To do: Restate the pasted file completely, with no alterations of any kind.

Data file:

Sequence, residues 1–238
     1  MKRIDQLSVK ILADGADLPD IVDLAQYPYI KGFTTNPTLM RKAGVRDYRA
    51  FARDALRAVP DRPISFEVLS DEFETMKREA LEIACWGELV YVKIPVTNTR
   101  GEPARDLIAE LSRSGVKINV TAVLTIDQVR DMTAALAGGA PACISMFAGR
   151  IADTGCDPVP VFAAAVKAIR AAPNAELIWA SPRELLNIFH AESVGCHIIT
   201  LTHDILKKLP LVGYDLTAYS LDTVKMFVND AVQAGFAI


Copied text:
Sequence, residues 1–238
     1  MKRIDQLSVK ILADGADLPD IVDLAQYPYI KGFTTNPTLM RKAGVRDYRA
    51  FARDALRAVP DRPISFEVLS DEFETMKREA LEIACWGELV YVKIPVTNTR
   101  GEPARDLIAE LSRSGVKINV TAVLTIDQVR DMTAALAGGA PACISMFAGR
   151  IADTGCDPVP VFAAAVKAIR AAPNAELIWA SPRELLNIFH AESVGCHIIT
   201  LTHDILKKLP LVGYDLTAYS LDTVKMFVND AVQAGFAI